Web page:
Dark Shadows: Original Score (a J!-ENT World Groove Album Review)
April 27, 2012 by Dennis Amith
Another wonderful music collaboration between composer Danny Elfman and filmmaker Tim Burton. A soundtrack that is dark, eery with its powerful strings and haunting melodies, for those who have enjoyed Elfman’s music, especially his darker style of music over the years, will surely enjoy “Dark Shadows: Original Score”.
Image is courtesy of © 2012 WaterTower Music, 4000 Warner Blvd., Burbank, CA 91522. Motion Picture Artwork © 2012 Warner Bros. Entertainment Inc. All rights reserved. Motion Picture Photography © 2012 Warner Bros. Entertainment Inc. – - U.S., Canada, Bahamas & Bermuda © 2012 Village Roadshow Films (BVI) Limited – - All Other Territories
TITLE: Dark Shadows: Original Score
LABEL: WaterTower Music
RELEASE DATE: May 8, 2012
- Dark Shadows Prologue (Uncut)
- Vicki Enters Collinwood
- Deadly Handshake
- Shadows (Reprise)
- Is It Her?
- Barnabas Comes Home
- Vicki’s Nightmare
- Hypno Music
- Killing Dr. Hoffman
- Dumping the Body
- Roger Departs
- Burn Baby Burn/In-Tombed
- Lava Lamp
- The Angry Mob
- House of Blood
- Final Confrontation
- Widows’ Hill (Finale)
- The End? (Uncut)
- More the End?
- We Will End You!
While Danny Elfman will always be remembered as being the founder and lead vocalist/musician of the band “Oingo Boingo”, Elfman will also be known as one of the legendary composers of Hollywood.
Having developed a working relationship with filmmaker Tim Burton with writing the score for “Pee-wee’s Big Adventure”, the collaboration would further blossom the following year as Elfman would score the first major “Batman” film.
Since then, he has scored many hit films and collaborated with many other filmmakers as well as creating the score for TV shows including “The Simpsons”. But it’s the collaboration with Tim Burton, which we hear their unique collaboration take effect in a fantasy, adventure or dark, brooding musical formation. May it be “Edward Scissorhands”, “Sleepy Hollow”, “Big Fish”, “Charlie and the Chocolate Factory”, “Corpse Bride” or “Alice in Wonderland”, the working relationship between both men have worked in cinema and musical harmony.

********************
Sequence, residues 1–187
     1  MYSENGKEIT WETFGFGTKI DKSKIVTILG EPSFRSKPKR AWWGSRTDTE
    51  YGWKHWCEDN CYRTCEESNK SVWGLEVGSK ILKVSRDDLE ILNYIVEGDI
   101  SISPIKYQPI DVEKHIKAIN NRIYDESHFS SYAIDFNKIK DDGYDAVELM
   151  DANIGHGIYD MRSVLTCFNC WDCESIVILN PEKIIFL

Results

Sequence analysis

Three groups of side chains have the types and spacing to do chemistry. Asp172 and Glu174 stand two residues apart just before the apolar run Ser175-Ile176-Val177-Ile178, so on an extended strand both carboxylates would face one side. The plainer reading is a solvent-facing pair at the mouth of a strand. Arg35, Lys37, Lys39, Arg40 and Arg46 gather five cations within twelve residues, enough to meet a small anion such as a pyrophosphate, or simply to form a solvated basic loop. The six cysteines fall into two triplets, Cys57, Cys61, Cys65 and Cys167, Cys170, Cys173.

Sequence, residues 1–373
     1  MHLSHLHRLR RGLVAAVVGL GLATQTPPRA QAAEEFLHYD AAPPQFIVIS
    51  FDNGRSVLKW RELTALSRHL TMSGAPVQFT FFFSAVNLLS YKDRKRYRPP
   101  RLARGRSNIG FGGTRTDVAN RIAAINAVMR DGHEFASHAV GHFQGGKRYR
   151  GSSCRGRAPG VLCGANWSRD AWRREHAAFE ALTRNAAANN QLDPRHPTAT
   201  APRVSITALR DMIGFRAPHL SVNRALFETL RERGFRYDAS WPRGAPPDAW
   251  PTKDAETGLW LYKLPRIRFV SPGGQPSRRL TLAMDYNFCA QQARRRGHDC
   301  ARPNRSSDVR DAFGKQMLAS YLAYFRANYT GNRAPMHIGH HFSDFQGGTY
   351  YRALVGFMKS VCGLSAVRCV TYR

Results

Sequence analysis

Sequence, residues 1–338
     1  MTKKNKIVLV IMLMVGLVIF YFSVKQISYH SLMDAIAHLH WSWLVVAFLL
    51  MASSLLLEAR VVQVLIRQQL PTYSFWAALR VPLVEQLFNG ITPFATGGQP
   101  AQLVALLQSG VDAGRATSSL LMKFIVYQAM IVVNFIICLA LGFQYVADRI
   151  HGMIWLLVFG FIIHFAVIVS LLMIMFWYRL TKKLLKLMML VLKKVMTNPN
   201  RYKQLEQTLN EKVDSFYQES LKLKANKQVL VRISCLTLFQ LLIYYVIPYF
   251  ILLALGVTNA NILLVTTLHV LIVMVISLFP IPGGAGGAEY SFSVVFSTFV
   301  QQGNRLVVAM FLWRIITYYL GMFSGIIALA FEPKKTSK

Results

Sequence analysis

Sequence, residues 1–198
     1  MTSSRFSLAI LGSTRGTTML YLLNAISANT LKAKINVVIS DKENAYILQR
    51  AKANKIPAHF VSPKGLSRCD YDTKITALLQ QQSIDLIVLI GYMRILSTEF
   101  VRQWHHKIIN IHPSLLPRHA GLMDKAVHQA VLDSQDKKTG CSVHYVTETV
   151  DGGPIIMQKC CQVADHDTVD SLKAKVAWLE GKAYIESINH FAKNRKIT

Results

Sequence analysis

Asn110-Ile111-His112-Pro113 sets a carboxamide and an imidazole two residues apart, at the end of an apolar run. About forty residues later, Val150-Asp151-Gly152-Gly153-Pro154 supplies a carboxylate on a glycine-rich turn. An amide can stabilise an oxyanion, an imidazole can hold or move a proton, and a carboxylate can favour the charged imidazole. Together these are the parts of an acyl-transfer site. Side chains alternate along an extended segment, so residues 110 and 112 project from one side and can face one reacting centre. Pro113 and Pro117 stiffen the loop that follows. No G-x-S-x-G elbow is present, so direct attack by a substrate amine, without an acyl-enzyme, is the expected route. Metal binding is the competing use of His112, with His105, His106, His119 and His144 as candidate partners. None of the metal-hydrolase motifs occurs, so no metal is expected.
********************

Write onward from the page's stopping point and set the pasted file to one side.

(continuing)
And now both Danny Elfman and Tim Burton will work again for the upcoming film “Dark Shadows”, a fantasy comedy film based on the popular gothic soap opera which aired on television back in 1996 through 1971.
The film stars Johnny Depp as Barnabas Collins (a 200-year-old vampire) and Michelle Pfeiffer as his cousin Elizabeth Collins Stoddard, the matriarch of the Collins family.
For those not familiar with the “Dark Shadows” storyline, back in 1752, the Collins family move from England to North America where the son, Barnabas is a wealthy playboy living in Collinsport, Maine and is the master of the Collinwood Manor. The witch, Angelique Bouchard is deeply in love with him but Barnabas breaks her heart.
In return for breaking her heart, she turns Barnabas into a vampire and buries him alive.
That is until he is discovered and freed fro his coffin in modern times and finds out that the people who live in his mansion are quite dysfunctional and carry with them, dark secrets of their own.
For the original score of “Dark Shadows”, the music is produced by Danny Elfman and orchestrations were done with Steve Bartek, Edgardo Simone and David Slonaker. The orchestra leader is Thomas Bowes and conductor is Rick Wentworth. The film also features the Metro Voices Choir and the Cardinal Vaughan School Choir.
The soundtrack features 21 tracks and opens with the longest track on the album, “Dark Shadows – Prologue” which captures the dark and ominous style with organs and beautiful strings as we hear the choir. In many ways, it’s just as powerful as his original work on “Batman” with the use of strings and choir to reinforce that darker style which Elfman is known for.
And the brooding, choir and strings combination continues in other tracks which sound quite haunting on tracks such as “Resurrection”, “Vicki Enters Collinwood” and “Deadly Handshake”.
But then you hear a change in style as the short “Shadows Reprise” benefits from a digital touch of synth with the strings. And “House of Blood” utilizes screeching wings with haunted melodies.
There are also several tracks that are under a minute long such as “Is It Her”, “Hypno Music”, “Dumping the Body”.
But while the soundtrack is focused on the strings and choir and most tracks are dark in presentation, there one track is not as dark which was “Lava Lamp” which utilizes a xylophone and a woodwind instrument.
But for the majority of the tracks, especially for the later tracks, the soundtrack features plenty of tracks that are strings-driven with haunting melodies and choir-driven harmonies.
Once again, for those who are familiar with Danny Elfman’s work, this gothic style tends to prevail throughout the entire album and unlike another gothic soundtrack such as “The Corpse Bride” which allowed for satire, the orchestrations for “Dark Shadow” are primarily ominous and dark but yet keeping consistent with the the theme of the film and the dark secrets that surround the characters.
Overall, “Dark Shadows: Original Score” shows us why Danny Elfman is often the right person to take on these more ominous soundtracks. He manages to incorporate an enchanting, dark and eery side to his music, but yet manages to be one of the most versatile composers in the world for cinema.
If you enjoy Danny Elfman’s darker style of music, you will enjoy “Dark Shadows: Original Score”.
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